Review: Paloma by Jennifer E. Hudgens

by Jennifer E. Hudgens
Blood Pudding Press
December 2017


She was always rescuing strays
when no one rescued her.
Now she’s in a box
for safekeeping.


How is it even possible for a person to recover from the murder of a loved one? Or move forward with anything approaching detachment and peace? In the new chapbook Paloma by Jennifer E. Hudgens (Blood Pudding Press December 2017), the speaker’s dear friend has been brutally slain. Family and friends are stunned, in denial, angry, heartbroken. 

This book is dedicated to Lauren Kate, the speaker’s friend. The resulting poems are extremely touching; at times, they even made me cry. And at times, I laughed, too (see “Too Much,” which imagines the dead friend as playful poltergeist). With honesty and sensitivity, in Paloma the speaker deconstructs the friend’s death and its history and aftermath.

Stages of grief in these poems?

The old cliché that there are stages of grief that a bereaved person must go through apparently has a lot of truth to it. The poems in Paloma reflect diverse mindsets in reaction to the speaker’s friend’s death Grief is not one single emotion, but a whole range of feelings. The emotions involving mourning need to be experienced, worked through, felt, and accepted, one step at a time. 

Part of mourning is remembering. The speaker calls her friend “[m]y punk-rock    gothic-pixie little sister.” The speaker continues, “We were smoke signals under staircases    in troll holes / Back seats.” The speaker also says that the friend is the “[f]irst person I’d ever met who wasn‘t a goddamned imposter” (“1996”). The speaker celebrates the relationship: 

…We were flannel and glitter    Steel-toed boots stolen
Poultry in fake bellies    We danced down aisles…

I wished you were still here
We could pretend we owned the world
For a little while    Maybe we did

(“Grocery Shopping With Jane”)

The murder itself occurred with “no warning or warm up” (“Lauren Kate is dead”). Sad music doesn’t erase the speaker’s sorrow: “There’s not enough volume    to drown out the sound of my hands    clenching / Teeth clambering for warmth…Her body too damned cold…” (“A Co-Worker Asks Why the Music is Sad”). “The breaking     The grieving” / is familiar.” Yet the speaker confesses, “I don’t know / if I’m real    anymore….” The speaker asks, “Where the hell is this / better place people are always talking about…./ I’ll keep playing sad music / Sobbing in the kitchen” (“Bizarre Love Triangle”).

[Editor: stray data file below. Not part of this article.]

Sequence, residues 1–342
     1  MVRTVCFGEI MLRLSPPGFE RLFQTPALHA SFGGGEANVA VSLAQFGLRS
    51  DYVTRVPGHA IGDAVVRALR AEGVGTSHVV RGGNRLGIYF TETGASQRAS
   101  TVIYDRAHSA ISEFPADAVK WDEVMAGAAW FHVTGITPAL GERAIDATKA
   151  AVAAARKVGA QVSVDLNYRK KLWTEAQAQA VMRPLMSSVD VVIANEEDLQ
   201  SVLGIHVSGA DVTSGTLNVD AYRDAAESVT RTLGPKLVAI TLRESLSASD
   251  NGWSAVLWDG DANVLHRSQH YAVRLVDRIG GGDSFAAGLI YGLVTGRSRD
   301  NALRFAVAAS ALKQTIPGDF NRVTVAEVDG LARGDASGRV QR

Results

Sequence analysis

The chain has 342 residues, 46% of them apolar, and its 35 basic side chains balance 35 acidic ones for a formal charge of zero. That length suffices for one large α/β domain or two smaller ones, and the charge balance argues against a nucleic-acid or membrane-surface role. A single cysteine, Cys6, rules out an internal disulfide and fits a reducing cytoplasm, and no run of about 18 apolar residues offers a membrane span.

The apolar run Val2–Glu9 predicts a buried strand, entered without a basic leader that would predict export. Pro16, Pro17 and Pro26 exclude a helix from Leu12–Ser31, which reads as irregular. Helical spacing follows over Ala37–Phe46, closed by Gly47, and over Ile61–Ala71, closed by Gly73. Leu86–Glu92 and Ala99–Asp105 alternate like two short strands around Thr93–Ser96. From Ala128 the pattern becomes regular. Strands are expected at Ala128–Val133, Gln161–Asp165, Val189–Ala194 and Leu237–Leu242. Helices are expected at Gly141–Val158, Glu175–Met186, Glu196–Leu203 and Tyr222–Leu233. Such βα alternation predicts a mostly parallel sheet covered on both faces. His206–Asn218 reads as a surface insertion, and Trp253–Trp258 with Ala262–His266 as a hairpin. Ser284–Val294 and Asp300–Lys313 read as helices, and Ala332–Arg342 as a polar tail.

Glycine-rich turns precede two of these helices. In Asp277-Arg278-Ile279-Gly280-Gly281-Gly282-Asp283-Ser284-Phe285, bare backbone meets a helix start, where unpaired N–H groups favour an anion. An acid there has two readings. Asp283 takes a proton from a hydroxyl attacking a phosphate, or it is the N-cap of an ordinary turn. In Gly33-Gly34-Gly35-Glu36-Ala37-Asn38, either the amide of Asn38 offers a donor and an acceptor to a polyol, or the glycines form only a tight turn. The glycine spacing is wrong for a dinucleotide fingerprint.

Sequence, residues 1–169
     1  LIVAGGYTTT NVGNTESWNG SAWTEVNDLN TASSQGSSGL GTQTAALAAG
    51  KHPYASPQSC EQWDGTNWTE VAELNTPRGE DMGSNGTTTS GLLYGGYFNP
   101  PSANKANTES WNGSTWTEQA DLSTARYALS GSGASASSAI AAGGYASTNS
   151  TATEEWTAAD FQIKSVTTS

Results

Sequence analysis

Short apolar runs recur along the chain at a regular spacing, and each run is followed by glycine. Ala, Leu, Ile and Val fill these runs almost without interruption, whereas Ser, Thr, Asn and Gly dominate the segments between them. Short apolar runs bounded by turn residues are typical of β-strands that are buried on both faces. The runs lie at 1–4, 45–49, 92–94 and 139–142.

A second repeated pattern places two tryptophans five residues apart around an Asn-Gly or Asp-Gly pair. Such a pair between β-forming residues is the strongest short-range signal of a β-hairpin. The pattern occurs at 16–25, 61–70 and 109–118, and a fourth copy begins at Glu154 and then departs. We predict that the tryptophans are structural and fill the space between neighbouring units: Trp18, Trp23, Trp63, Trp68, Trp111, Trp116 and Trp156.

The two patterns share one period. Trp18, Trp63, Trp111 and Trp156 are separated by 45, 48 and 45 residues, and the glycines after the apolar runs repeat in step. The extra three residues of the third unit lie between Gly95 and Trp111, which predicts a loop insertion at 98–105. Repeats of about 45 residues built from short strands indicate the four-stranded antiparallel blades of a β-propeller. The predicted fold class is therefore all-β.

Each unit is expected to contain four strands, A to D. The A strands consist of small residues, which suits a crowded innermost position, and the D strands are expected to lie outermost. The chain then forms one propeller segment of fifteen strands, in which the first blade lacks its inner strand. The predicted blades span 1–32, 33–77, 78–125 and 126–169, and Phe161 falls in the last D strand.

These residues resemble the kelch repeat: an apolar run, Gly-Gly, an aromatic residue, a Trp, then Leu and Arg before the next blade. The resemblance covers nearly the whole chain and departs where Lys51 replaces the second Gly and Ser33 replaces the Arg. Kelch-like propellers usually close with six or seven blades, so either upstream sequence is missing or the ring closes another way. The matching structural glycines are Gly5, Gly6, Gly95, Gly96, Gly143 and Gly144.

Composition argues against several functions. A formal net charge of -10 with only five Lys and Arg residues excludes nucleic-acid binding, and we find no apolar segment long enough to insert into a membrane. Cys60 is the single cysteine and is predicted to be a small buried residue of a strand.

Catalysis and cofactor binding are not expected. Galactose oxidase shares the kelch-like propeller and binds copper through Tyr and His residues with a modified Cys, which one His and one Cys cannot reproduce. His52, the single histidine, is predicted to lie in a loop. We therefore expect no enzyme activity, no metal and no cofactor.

The speaker indulges in the fantasy that Lauren Kate is still alive somehow: “…You must be hiding in a small town waiting tables / Serving shitty coffee    and sloppy apple pie” (“Smart Money’s on Harlow”). Isn’t this called denial?—But denial is a part of mourning, a natural reaction to the death of a loved one.

Unfortunately, there is always room for regret in cases of sudden death. Guilt can play a part in the grief process. Possibly we come to regret not doing more for the deceased friend, replaying key moments that we think might have made a difference in the deadly outcome. “…Our last conversation    One-sided You / said Hey, I really need to talk to you if you have time (“Too Much”). Unfortunately, the speaker was under a lot of stress and couldn’t get back to her friend right away (“I was in the E.R. / Twisted ankle    car broken down”) (“Old Photos”). Personally, I think this shows that the speaker is human, and the speaker needs to forgive herself for being fallible. 

The poet doesn’t sensationalize

Part of the sensitivity of the poet is evidenced by the fact that there is no gratuitous violence in these poems, and the poet wisely avoids sensationalizing the murder. Only in the very last poem in the chapbook (there are 14 poems in this slim, but powerful volume) does the speaker let loose in a tortured torrent, ending the chapbook with a punch: 

Are you asleep in the wall
with rats    in a wood chipper…
…Were you eaten by zombies    or republicans    Are
they still simmering your small bones…
Is it cold in there    Will the monster who did this
Ever pay?

(“Ten Pints”)

There is also no false sentimentality here. Fittingly, like a good trial lawyer trying to impress a jury, the poet layers detail upon detail, building her case. For example, in the poem “Spiders {A Lullaby},” the poet compares death to a spider, saying “Fuck that spider    I want to peer into its mouth    Count every hair and tooth     Counting your     bones    fragmented in its throat.”

For all I know, Jennifer E. Hudgens could have had a tough time writing these poems; however, the poetry in this chapbook looks and reads like the poems just flowed out, carried by the speaker’s strong, distinctive voice.

The chapbook is a collector’s item

The actual physical book is hand-made by Blood Pudding Press and is a piece of art unto itself. The cover, front matter, and “innards” of the book are of high quality, heavy, tinted paper. The binding is string/yarn that resembles a feather boa (no real feathers used). Readers can choose among several colors of cover and binding (I chose hot pink cover with pink, blue, and mulit-colored bindings). 

The cover art for Paloma—featuring a likeness of Lauren Kate—is a collage made by the lost friend, Lauren Kate herself. And it fits the book as if it were an organic whole. Anyone who appreciates fine chapbooks will likely appreciate this book.

I read the entire chapbook at one sitting, and I have to admit, I was “blown away.” I recommend this collector’s item book to readers who appreciate an interesting speaker, good imagery, and sensitive, touching poems that manage to stay convincingly real. Paloma by Jennifer E. Hudgens is a keeper, for sure—and for all the right reasons.

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